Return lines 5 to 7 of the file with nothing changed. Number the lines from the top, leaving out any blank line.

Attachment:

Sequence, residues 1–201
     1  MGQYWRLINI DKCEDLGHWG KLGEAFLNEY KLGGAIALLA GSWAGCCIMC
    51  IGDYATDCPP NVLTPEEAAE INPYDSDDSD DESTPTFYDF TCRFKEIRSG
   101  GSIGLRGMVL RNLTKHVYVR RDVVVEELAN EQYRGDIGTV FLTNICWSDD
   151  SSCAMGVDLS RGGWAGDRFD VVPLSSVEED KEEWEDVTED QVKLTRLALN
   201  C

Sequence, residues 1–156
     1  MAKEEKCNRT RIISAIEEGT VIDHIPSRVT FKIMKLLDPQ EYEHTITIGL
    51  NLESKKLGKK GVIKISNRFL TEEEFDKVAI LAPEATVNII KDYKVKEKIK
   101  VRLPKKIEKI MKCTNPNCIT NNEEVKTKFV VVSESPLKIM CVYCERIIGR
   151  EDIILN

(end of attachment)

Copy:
   151  SSCAMGVDLS RGGWAGDRFD VVPLSSVEED KEEWEDVTED QVKLTRLALN
   201  C

Sequence, residues 1–156